Changes in scores
The difference in the post-test and pre-test scores of individual students was designated as change in scores. Kruskal-Walis H analysis revealed that changes in scores involving structure recognition were significantly different between the three groups (cadaver: 13.5 [IQR: 10.5–18], 3D: 16.5 [IQR: 13.375–21.125], atlas: 13.75 [IQR: 9.75–18.125]; p = 0.046). However, changes in total score (cadaver: 25.5 [IQR: 18–28.5], 3D: 27 [IQR: 23–31.625], atlas: 25 [IQR: 21.75–28.125]; p = 0.336) and scores involving multiple-choice questions (cadaver: 9 [IQR: 8–12], 3D: 9.5 [IQR: 7.75–13.25], atlas: 11.5 [IQR: 8–13]; p = 0.163) were not (Table 2). Pairwise comparison of structure recognition scores in the three groups based on Mann-Whitney testing revealed better performance of participants in the 3D printed skull group compared with the other two groups (cadaver vs. 3D, p = 0.033; 3D vs. atlas, p = 0.033), as shown in Fig. 4.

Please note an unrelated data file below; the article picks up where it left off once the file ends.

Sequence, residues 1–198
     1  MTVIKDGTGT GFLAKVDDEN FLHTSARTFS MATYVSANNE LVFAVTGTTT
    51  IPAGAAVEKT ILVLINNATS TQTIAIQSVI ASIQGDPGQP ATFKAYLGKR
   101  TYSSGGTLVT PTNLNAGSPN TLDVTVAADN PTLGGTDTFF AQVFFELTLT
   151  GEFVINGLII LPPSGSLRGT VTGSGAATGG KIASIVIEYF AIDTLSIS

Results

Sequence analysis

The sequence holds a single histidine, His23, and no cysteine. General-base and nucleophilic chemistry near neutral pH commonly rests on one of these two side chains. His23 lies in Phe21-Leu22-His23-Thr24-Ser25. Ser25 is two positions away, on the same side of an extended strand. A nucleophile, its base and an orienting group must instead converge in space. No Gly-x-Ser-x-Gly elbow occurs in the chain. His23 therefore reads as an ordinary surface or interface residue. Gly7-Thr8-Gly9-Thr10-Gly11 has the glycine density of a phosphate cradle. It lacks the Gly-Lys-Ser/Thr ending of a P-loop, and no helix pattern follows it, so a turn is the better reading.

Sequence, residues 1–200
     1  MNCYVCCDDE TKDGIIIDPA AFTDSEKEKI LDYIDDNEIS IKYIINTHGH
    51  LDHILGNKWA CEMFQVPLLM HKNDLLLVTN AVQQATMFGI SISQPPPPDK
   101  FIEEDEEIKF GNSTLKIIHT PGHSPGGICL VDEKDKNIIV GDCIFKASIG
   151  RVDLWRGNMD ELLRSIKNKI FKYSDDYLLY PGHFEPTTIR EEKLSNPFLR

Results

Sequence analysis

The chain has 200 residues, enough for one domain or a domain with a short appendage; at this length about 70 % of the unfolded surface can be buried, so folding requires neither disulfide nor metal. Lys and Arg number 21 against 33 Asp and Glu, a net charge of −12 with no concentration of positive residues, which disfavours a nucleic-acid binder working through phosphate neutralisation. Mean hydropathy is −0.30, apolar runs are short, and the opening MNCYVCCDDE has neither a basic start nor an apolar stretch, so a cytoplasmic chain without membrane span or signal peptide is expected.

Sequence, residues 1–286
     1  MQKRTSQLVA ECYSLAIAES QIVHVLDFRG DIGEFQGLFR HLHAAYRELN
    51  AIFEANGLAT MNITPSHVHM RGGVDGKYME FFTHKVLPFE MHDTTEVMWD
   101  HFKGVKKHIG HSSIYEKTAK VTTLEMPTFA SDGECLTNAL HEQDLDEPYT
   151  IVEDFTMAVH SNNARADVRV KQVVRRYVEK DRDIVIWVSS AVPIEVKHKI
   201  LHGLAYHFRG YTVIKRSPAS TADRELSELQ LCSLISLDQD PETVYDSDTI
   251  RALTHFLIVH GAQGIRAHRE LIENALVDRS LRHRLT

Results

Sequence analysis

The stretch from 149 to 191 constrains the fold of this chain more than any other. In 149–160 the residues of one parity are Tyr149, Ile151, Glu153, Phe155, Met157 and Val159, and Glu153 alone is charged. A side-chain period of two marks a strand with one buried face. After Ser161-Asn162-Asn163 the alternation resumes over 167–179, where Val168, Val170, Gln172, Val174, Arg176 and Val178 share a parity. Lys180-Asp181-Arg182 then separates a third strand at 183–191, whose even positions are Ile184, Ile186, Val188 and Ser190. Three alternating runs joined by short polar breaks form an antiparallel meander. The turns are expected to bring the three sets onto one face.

Comparison of scores between sub-groups
Based on 5 or more pre-test scores involving multiple-choice questions, we divided the students into a prepared group (N = 40) and a non-prepared group (N = 39). We speculated that students with a score of 5 or more had previewed anatomy books or other learning resources before the trial, while the others had not. In addition, we compared the scores between genders.
Comparison of scores between prepared and non-prepared participants
Statistically significant differences were found in pre-test total score (p < 0.001) and changes in score (p = 0.008) between the two groups. In post-test, no statistically significant differences were found between the two groups in total score (prepared: 30 [IQR: 26.125–34.875], non-prepared: 29.5 [IQR: 26.5–32.5]; p = 0.655), multiple-choice (prepared: 15 [IQR: 13–15.75], non-prepared: 14 [IQR: 13–16]; p = 0.924) and structure recognition (prepared: 15.25 [IQR: 12–19.25], non-prepared: 15 [IQR: 11–18.5]; p = 0.753), as shown in Fig. 5.